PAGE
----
The short answer is that it depends on whether the owner had a will, or not.
“Finalising the estate of a deceased relative is a fairly complex process, one which is made infinitely more costly and time consuming if said family member died intestate (without a valid will), especially if a significant asset such as a property is involved”, says Bruce Swain, MD of Leapfrog Property Group.
Not all wills are created equal
“Even if a homeowner has written a will it may not be valid. In order to ensure that their final testament is legally binding, it needs to meet the requirements outlined in Wills Act 7 of 1953”, explains Swain.
According to the Wills Act 7 of 1953 three conditions need to be met for a will to be valid:
· The writer of said will has to be over the age of sixteen.
· The will must be in writing
· Each page, including the last has to be signed by the testator. The final page also needs to be signed by two competent witnesses (who have to be fourteen years of age or older). All witnesses need to be present at the same time at the signing of the will and cannot be beneficiaries of the will.
What Happens to a Deceased’s Property?
“I strongly recommend that home owners ask an expert attorney to draft their will, stipulating who is to inherit, appointing an executor, and to advise the home owner as to possible estate duties, capital gains tax and the cost of finalising the estate so that they can prepare properly – ensuring that their will is valid, their dependents are provided for and the costs determined, and limited where possible”, advises Swain,
“Each estate is unique but there are situations were no capital gains tax or even estate duty will apply and it’s best to consult with an attorney to do proper estate planning – sooner rather than later. Remember, if this wasn’t done properly the owner will no longer be able to make amends, hence the importance of sorting this out in time – for the sake of the people left behind”.
If the owner has indicated who will inherit then the matter is simple (if the will is not contested). However, if no valid will was in existence and the estate is solvent, the assets will be disposed of as per the Intestate Succession Act no 81 of 1987. If no provision has been made for taxes (and limiting them where possible) the burden on the inheritors could be significant.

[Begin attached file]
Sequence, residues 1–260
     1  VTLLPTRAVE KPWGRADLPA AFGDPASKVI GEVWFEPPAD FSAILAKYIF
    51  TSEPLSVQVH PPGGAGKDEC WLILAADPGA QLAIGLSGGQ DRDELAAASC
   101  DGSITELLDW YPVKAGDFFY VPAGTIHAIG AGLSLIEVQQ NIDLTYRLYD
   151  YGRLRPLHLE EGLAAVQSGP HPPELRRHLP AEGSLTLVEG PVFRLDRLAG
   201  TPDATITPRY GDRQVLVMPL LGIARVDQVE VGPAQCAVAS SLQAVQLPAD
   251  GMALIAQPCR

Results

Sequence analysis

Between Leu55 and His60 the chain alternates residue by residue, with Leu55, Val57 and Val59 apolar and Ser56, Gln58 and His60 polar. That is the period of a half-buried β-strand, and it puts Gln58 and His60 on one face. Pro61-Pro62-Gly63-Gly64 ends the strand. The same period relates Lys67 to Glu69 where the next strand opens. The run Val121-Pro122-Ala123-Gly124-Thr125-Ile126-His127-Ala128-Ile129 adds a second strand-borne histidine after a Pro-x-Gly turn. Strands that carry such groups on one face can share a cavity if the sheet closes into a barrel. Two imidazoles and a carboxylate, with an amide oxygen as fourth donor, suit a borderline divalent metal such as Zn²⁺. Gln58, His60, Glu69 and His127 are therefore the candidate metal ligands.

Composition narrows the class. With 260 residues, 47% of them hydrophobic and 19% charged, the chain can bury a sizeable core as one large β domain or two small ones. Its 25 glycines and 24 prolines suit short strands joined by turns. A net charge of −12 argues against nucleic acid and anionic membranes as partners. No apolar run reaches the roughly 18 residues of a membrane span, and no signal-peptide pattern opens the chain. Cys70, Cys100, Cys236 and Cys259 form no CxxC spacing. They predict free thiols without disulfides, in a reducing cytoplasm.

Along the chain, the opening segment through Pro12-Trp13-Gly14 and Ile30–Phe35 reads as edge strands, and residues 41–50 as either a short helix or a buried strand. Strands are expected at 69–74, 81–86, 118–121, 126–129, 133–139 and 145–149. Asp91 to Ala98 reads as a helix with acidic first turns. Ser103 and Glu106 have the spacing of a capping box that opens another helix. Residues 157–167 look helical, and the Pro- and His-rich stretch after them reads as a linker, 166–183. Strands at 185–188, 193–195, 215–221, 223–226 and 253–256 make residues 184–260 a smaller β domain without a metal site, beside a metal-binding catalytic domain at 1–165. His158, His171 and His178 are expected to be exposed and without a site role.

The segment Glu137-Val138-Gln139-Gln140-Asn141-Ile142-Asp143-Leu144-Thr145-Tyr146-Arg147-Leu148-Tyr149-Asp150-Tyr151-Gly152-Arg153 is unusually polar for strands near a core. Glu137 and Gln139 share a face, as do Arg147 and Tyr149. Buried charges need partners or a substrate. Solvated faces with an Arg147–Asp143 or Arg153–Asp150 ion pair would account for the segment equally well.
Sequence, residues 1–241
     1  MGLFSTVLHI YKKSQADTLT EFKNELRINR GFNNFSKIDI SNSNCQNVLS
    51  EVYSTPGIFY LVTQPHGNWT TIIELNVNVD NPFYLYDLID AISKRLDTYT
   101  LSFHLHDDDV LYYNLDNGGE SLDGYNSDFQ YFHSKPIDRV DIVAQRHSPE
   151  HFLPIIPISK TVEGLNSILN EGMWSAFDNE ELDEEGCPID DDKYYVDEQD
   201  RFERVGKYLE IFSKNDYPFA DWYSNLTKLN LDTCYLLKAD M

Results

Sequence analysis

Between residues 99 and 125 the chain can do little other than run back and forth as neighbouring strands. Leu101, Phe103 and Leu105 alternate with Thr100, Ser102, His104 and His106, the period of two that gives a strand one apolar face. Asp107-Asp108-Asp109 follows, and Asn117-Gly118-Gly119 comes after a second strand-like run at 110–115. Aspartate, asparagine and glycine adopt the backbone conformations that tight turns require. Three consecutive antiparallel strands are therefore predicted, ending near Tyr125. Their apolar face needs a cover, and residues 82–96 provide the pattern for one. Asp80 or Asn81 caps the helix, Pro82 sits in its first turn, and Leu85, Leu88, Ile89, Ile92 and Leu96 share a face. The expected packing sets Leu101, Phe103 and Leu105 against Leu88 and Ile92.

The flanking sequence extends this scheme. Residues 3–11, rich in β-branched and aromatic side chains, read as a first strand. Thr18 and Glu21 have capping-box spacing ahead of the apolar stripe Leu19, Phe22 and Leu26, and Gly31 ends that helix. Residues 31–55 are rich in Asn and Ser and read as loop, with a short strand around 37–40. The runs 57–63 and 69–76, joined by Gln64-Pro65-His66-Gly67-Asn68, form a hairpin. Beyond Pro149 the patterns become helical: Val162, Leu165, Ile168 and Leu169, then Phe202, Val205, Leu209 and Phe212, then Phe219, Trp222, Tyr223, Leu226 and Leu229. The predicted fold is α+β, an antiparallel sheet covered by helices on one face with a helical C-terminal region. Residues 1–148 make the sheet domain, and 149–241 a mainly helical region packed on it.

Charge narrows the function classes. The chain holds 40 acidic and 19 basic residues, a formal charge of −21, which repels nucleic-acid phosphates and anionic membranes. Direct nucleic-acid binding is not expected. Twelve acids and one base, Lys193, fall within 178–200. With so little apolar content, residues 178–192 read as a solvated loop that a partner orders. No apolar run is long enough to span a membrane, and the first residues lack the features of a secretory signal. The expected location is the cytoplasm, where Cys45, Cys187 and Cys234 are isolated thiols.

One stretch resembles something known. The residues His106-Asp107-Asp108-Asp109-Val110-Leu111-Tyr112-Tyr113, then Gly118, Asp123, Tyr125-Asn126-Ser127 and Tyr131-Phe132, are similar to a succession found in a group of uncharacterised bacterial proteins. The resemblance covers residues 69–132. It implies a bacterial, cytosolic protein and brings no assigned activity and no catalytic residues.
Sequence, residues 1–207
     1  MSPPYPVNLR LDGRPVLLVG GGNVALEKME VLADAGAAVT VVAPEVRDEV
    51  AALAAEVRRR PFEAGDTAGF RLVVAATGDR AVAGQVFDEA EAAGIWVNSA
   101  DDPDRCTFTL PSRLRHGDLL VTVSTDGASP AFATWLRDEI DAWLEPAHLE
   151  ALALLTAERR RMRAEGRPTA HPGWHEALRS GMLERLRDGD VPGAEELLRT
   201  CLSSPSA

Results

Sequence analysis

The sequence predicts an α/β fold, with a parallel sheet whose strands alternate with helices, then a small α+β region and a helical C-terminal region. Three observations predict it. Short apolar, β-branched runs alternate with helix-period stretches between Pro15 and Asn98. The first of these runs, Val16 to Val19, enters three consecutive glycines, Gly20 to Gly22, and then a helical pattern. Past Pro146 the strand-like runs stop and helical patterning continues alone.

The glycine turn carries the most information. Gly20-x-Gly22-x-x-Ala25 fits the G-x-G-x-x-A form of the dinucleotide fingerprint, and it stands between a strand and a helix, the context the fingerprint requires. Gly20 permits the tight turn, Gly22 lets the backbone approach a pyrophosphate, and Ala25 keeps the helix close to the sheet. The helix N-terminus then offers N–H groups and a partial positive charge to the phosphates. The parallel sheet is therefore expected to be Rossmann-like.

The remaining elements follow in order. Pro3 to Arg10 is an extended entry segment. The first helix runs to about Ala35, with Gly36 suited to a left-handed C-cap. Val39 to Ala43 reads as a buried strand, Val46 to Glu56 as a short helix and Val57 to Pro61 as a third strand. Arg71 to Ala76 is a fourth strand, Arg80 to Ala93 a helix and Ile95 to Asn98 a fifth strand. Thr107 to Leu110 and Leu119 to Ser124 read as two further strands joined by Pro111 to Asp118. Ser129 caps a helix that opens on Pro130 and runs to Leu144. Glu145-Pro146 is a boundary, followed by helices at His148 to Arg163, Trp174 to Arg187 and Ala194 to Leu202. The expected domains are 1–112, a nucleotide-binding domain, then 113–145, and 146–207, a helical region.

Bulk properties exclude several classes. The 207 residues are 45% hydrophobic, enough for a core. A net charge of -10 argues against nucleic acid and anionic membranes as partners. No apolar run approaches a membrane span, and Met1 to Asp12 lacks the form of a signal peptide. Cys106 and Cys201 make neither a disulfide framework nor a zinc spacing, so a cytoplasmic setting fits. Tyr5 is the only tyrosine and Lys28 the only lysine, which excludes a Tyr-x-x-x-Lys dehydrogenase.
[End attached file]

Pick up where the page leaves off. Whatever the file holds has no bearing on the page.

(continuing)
Selling Property from a Deceased Estate
It might be that assets need to be sold to finalise the outstanding debt in the estate, or that the heirs want to sell it.
Law firm Smith Tabata Buchanan Boyes (STBB) explains that should a home owner have drafted a valid will and appointed an executor of their estate; “the nominated executor must first establish his or her authority to act on behalf of the estate by applying for and obtaining Letters of Executorship from the Master of the High Court”.
“Establishing an executor’s authority can take some time, depending on the case load at the High Court, but not having nominated one means that the heirs will need to wait for the court to appoint an executor which can well cause significant further delays”, believes Swain.
It is important to note that a deceased’s property cannot be sold before the executor has been formally appointed by the Master of the High Court. STBB indicates that; “No matter how great the opportunity, a purported sale will not be valid if the executor signing off has not been appointed, nor will a later signature ratify the sale”. Swain also points out that the written consent of all heirs has to be obtained when selling property belonging to the deceased’s’ estate - upon the consent of the Master of the High Court.
Normally an executor will first determine what, if any outstanding debt the deceased had upon the time of their passing – that debt has to be settled first, which may well necessitate the sale of the family home. “I would strongly advise home owners to share all the relevant documentation (from the will to bank statements and the like) with a trusted family member / executor so that they know where everything is, and how to proceed.
Should the home need to be sold this will speed up the process considerably”, advises Swain, “However, even with everything in place heirs need to know that concluding an estate can be a lengthy process and that it will be some time before the executor will be able to proceed on a property sale, if needed “.